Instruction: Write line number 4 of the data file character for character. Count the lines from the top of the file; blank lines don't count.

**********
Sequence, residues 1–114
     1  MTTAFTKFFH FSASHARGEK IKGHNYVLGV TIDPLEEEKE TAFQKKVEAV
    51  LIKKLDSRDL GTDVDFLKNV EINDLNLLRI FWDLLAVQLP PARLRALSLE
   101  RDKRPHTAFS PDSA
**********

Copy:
   101  RDKRPHTAFS PDSA